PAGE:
By contrast, Columbus Day in the United States is almost a bad joke.  Why yes, the same fall colors are used in store decorations as in Canada, and in fact, the banks and federal courts do all close, but the holiday is generally so completely forgotten that everyone goes to the banks regardless, having forgotten that it’s a holiday at all.  And any association between Columbus Day and Thanksgiving is lost far out of proportion to the days and weeks of difference between November 11 and the final Thursday in November.   And hardly anybody in the United States Remembers Veterans Day, November 11 at all…. No one wears poppies except for maybe a dozen or so British and Canadian tourists.  And recently, both Columbus Day and Thanksgiving have come under criticism in some bilious quarters for celebrating the extermination of the American Indian.  American amnesia and lack of identity is almost as complete on these days as is Canadian memory and identity.   It is, and has been throughout my life, a kind of embarrassment to belong to this American culture which possesses so little self-awareness, either of its history or its presence or its future.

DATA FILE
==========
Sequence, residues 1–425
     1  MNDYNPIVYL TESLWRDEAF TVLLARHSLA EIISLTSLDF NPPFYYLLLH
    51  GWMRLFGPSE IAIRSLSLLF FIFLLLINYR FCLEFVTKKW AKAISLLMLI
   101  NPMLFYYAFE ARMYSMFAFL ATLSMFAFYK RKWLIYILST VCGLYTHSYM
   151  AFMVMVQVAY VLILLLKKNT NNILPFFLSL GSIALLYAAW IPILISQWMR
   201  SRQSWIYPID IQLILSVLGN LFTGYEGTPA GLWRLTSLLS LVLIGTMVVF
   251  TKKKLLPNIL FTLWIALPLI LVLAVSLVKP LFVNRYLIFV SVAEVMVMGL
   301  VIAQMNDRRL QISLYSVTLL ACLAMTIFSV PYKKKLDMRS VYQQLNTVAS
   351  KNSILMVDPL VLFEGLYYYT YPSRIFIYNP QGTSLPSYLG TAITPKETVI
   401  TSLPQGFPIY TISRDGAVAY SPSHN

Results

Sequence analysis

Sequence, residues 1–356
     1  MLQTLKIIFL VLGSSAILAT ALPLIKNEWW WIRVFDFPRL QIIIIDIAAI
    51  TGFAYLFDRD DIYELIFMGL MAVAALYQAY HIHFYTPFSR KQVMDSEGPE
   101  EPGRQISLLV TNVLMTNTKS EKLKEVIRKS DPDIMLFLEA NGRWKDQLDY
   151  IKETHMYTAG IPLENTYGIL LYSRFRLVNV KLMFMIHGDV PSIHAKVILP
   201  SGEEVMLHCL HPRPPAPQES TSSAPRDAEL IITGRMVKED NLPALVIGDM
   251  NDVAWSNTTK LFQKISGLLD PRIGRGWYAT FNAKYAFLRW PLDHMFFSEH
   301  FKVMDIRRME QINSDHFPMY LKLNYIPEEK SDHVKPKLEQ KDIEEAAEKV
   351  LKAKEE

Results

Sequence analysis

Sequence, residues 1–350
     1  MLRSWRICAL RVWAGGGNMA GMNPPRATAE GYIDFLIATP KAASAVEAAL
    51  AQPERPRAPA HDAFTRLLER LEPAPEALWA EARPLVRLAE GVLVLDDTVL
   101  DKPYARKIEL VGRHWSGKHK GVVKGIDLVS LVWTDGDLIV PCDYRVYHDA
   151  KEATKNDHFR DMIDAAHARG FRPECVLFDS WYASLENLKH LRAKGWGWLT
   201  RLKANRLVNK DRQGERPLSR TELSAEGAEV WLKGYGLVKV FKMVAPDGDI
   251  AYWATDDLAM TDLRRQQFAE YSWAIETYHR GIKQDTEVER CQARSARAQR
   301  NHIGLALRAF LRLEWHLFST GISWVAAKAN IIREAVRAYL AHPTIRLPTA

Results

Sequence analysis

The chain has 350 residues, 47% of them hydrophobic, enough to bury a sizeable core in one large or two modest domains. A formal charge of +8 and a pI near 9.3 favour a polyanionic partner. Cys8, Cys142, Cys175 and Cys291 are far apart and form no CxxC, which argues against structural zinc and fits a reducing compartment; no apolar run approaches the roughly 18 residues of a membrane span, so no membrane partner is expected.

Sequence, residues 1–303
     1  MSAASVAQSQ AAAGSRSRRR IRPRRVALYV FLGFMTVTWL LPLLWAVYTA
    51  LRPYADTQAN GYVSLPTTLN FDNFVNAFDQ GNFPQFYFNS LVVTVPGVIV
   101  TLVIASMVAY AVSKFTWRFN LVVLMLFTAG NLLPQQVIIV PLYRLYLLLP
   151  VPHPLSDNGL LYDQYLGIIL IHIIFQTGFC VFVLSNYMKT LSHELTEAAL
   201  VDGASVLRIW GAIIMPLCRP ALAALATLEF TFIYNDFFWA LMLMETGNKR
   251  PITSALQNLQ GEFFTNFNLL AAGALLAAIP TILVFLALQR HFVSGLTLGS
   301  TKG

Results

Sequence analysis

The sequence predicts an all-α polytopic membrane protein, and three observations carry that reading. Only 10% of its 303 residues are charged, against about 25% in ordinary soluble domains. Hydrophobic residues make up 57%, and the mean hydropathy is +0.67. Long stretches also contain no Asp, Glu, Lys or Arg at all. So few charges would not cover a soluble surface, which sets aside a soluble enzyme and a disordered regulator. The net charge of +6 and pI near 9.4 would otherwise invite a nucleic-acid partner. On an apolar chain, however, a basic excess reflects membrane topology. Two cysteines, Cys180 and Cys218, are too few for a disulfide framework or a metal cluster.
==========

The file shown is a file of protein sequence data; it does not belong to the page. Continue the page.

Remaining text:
So go south of the Rio Grande, south of Tucson, south of Calexico and San Diego, and we come to the third original member of NAFTA, the third country occupying the Continent of North America—the third component of some future “North American Union” which some folks believe was already agreed to, planned and is slowly being imposed by a secret agreement signed in Waco, Texas while no one else was looking.  Mexico’s October 12 is really a matter of governmental propaganda, ruling elite ideology, and has no deep-seated resonance in popular culture.  There is no “Thanksgiving” in Mexico, nor any Armistice Day or Veterans Day celebrated on November 11 because Mexico never really participated in either World War until the very last days when it was obvious which side was winning.  But the reverse side of the coin of the racial tensions underlying critical studies of Thanksgiving  and Columbus day in the US is celebrated in Mexico—where October 12 is “Dia de la Raza.”  Most folks from outside Mexico would have no idea what race this could possibly be: but it is the “Meztizo” Race.  Ironically there was a “Metis” race in Canada, a mixture of French and Indian—exactly analogous to (and at least on the French side partly homologous with) the Creoles, Acadians, or “Cajuns” in Louisiana, from whom I am at least in some part descended though my maternal grandmother Helen who raised me—but while the “Metis” had political importance for a while in the 19th century, in essence they were never sufficiently numerous really to shape the cultural heritage of North America north of the 49th parallel….